Swimming Pools Are a Great Way to Beat the Heat, But Be Sure to Consider the Insurance and Safety Implications, Says the I.I.I.

June 5, 2009

INSURANCE INFORMATION INSTITUTE 
Contact: Press Offices
New York: 212-346-5500; media@iii.org
Washington, D.C.: 202-833-1580

NEW YORK, June 5, 2009 — When temperatures start to soar, many people will be taking advantage of the heat-beating delights of a swimming pool. Whether you have a luxury in-ground pool, or plan to blow up the simplest of inflatable above-ground pools, it is important to consider the insurance and safety implications, according to the Insurance Information Institute (I.I.I).

Swimming pools have been steadily rising in popularity, with more than 8.3 million households owning an in-ground or above-ground pool—up almost 10 percent since 2002, according to an annual report by the Association of Pool and Spa professions.

“All pools—from a simple kiddy pool to an aquatic extravaganza—can be dangerous and need to be properly insured and comply with local safety standards,” said Jeanne M. Salvatore, senior vice president and consumer spokesperson for the I.I.I.

According to a May 2009 report posted at the U.S. Consumer Product Safety Commission’s Web site, 886 children aged five and younger died after drowning in either a pool or spa between 2004 and 2006. The report also shows that the majority of these deaths and injuries occurred in residential settings (79 percent) and that the parents or caretakers lost contact or knowledge of the whereabouts of the children involved (46 percent) before the child managed to access the pool or spa. Fatal drowning remains the second-leading cause of unintentional injury-related death for children ages 1 to 14 years; for every child who dies from drowning, five receive emergency department care for nonfatal submersion injuries.

The I.I.I. suggests taking the following steps when considering a pool:

  • Contact your town or municipality Each town will have its own definition of a “pool,” often based on its size and water depth. If the pool you are planning to buy meets the definition, then you must comply with local safety standards and building codes. This may include installing a fence of a certain size, locks, decks and pool safety equipment. 
  • Call your insurance agent or company representative Let your insurance company know that you have a pool, since it will increase your liability risk. Pools are considered an “attractive nuisance” and it may be advisable to purchase additional liability insurance. Most homeowners policies include a minimum of $100,000 worth of liability protection. Pool owners, however, may want to consider increasing the amount to $300,000 or $500,000.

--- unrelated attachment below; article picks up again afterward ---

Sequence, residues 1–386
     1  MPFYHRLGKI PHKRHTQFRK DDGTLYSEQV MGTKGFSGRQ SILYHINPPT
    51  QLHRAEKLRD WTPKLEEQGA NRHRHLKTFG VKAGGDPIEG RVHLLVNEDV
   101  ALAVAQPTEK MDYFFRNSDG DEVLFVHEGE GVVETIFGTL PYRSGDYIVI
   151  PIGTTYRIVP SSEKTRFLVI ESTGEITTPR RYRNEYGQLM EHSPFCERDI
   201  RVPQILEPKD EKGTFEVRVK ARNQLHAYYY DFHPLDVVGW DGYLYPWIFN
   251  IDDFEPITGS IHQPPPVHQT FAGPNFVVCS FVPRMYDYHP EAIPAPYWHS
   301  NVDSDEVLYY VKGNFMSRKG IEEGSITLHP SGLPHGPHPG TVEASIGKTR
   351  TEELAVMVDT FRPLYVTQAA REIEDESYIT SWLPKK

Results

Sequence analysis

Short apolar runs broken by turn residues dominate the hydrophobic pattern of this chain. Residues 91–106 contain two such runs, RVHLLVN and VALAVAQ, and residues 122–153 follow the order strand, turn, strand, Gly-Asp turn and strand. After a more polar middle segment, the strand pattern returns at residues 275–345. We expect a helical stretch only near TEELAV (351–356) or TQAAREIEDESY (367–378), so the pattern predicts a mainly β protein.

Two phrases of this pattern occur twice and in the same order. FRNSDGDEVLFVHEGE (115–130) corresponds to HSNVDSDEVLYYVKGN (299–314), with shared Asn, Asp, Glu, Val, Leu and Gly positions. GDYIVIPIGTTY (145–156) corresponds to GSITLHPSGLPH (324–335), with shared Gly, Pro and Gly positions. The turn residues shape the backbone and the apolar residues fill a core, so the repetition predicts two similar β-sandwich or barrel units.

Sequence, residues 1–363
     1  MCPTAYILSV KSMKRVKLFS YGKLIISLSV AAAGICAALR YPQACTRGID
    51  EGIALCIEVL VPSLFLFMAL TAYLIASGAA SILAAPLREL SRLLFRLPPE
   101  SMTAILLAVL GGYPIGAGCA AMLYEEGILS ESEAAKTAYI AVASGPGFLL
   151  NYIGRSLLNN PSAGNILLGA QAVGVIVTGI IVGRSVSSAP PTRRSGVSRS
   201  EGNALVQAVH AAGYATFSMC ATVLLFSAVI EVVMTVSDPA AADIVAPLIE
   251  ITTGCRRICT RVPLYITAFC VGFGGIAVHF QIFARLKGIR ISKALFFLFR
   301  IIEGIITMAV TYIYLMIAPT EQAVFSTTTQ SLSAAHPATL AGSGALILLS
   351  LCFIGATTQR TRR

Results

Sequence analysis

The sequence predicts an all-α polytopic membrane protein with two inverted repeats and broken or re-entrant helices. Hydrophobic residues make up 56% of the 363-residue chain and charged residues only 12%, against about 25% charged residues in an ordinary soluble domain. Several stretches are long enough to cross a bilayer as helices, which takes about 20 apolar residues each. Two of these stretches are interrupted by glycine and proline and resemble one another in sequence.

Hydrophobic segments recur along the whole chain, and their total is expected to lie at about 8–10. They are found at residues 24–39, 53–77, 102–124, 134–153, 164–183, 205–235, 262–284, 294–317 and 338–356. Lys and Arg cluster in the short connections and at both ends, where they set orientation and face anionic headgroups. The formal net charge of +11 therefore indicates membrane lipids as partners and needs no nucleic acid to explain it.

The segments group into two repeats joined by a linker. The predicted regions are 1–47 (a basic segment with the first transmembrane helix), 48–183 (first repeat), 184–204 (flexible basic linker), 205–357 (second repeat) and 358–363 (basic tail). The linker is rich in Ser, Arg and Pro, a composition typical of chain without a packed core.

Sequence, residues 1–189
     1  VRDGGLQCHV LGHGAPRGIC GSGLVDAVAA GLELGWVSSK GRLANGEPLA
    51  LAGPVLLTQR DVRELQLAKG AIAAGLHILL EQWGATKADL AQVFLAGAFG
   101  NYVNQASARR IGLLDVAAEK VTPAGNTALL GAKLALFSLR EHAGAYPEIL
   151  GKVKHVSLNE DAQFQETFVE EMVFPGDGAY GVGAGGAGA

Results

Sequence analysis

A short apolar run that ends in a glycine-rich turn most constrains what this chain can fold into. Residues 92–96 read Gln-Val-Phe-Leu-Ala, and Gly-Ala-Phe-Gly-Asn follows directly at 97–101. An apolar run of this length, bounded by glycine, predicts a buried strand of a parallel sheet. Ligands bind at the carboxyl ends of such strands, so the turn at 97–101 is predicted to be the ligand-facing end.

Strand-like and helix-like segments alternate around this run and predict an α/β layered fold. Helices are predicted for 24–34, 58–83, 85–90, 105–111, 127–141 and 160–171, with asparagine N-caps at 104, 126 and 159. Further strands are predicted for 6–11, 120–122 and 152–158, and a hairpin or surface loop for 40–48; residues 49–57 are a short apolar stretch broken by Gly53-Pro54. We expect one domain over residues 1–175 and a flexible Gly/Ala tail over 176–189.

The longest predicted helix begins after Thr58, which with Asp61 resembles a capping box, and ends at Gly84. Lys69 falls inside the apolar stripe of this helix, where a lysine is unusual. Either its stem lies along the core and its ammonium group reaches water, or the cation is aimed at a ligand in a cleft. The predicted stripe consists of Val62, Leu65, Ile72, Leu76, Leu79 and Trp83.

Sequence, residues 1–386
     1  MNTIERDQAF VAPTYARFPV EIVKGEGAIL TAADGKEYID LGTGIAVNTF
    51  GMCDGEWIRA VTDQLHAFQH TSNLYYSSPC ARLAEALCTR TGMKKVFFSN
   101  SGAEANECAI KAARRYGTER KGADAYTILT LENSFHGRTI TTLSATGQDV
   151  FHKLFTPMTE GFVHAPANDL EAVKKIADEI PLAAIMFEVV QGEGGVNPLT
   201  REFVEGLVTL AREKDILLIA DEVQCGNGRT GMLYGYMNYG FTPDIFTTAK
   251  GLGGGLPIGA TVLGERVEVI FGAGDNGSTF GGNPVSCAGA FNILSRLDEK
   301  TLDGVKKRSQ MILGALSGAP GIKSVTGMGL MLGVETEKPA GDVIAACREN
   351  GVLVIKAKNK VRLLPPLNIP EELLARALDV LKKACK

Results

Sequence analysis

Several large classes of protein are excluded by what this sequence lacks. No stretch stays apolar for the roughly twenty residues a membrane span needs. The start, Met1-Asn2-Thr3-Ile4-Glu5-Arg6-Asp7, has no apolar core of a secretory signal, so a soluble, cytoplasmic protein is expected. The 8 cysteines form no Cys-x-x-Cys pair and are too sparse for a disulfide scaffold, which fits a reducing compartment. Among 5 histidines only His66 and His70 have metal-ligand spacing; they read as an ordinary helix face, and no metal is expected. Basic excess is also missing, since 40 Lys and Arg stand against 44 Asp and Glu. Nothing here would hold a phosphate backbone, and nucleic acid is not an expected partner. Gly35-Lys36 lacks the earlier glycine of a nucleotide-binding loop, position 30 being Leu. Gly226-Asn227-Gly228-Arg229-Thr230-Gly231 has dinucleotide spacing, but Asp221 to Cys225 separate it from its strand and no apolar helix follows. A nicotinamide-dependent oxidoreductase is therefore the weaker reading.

You may also want to talk to your agent or company representative about purchasing an umbrella liability policy. For an additional premium of about $200 to $300 a year, you can get $1 million of liability protection over and above what you have on your home. This would also provide added liability protection when you drive.

    If the pool itself is expensive, you should also have enough insurance protection to replace it in the event it is destroyed by a storm or other disaster.

The I.I.I. also recommends taking the following safety precautions:

  1. Put fencing around the pool area to keep people from using the pool without your knowledge. In addition to the fences or other barriers required by many towns, consider creating “layers of protection” around the pool, i.e. setting up as many barriers as possible (door alarms, locks and safety covers) to the pool area when not in use. 
  2. Never leave small children unsupervised—even for a few seconds. And never leave toys or floats in the pool when not in use as they may prove to be a deadly temptation for toddlers trying to reach them. 
  3. Keep children away from pool filters and other mechanical devices as the suction force may injure them or prevent them from surfacing. In case of an emergency, know how to shut off these devices and clearly post this information. 
  4. Be sure all pool users know how to swim. Learners should be accompanied by a good swimmer. If you have children, have them take swimming lessons as early as possible. And, don’t allow anyone to swim alone. 
  5. Check the pool area regularly for glass bottles, toys or other potential accident hazards. Also, keep CD players, radios and other electrical devices away from pools or nearby wet surfaces. 
  6. Clearly post emergency numbers on the phone, in the event of an accident. Keep a first aid kit, ring buoys and reaching poles near the pool. You may also want to consider taking basic first aid and CPR training.

For more insurance and safety information, go to the I.I.I. Web site.

For related audio, go to Insuring and Safeguarding Your Swimming Pool.

For related video, go to Swimming Pool Safety.

The I.I.I. is a nonprofit, communications organization supported by the insurance industry.